The New York Times introduces is latest “Room for Debate” segment, asking “Is Atheism a Religion?”
In Britain, where the Church of England is a laughing stock lately, the percentage of Britons professing no faith has nearly doubled in the last decade — which might explain the rise of an atheist church.
In the U.S., Susan Jacoby recently wrote, moments of tragedy can be a reminder “of what atheism has to offer.” The philosopher Gary Gutting adds that atheists, like religious people, ought to articulate reasons for their beliefs (or lack thereof).
Can atheism replace religion? Is it a religion?
Two Episcopalians out of three wrote for the “Theist” side of the debate: Phyllis Tickle and Diana Butler Bass
Like a religion, (atheism) can offer community and common cause to its adherents. But it lacks mystery, transcendence and beauty.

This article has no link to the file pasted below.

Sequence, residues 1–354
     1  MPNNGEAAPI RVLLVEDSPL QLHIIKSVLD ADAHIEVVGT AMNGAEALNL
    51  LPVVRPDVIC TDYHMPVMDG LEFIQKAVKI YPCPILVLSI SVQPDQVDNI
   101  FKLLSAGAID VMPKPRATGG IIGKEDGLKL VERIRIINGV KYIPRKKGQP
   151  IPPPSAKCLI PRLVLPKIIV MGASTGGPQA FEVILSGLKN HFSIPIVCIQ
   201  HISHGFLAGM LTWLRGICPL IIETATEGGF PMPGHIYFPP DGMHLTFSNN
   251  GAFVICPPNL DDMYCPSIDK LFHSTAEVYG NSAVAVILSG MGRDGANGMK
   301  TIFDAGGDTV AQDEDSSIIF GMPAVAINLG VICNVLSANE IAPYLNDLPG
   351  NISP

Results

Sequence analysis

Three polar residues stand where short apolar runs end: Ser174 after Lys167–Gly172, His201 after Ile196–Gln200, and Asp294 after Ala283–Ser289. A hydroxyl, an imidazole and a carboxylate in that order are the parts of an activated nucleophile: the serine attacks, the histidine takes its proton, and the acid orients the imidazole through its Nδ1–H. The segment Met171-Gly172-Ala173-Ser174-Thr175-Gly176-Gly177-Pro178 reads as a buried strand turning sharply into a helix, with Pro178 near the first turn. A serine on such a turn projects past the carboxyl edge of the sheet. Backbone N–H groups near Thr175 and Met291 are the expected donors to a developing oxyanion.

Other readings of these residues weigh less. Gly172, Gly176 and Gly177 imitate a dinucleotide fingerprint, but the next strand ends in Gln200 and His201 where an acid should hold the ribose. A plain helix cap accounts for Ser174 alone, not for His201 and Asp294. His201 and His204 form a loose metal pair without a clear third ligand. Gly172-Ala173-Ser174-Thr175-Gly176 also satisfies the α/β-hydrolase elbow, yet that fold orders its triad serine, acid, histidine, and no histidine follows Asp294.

As for atheism replacing religion, even Christopher Hitchens said that religious faith was “ineradicable” as long as human beings fear death and each other. Atheism is — and will continue to be — a lively alternative for those weary and wary of institutional religion, those who find transcendent explanations meaningless or intellectually unsatisfactory, and fret over the dangers of religious triumphalism. As there is no shortage of people in the United States who find religion worrisome in public life and tedious in private, there is an ever-larger audience willing to entertain the possibility of a post-religious life. Atheism might never replace religion, but it certainly is giving bad and boring religion a real run for the money.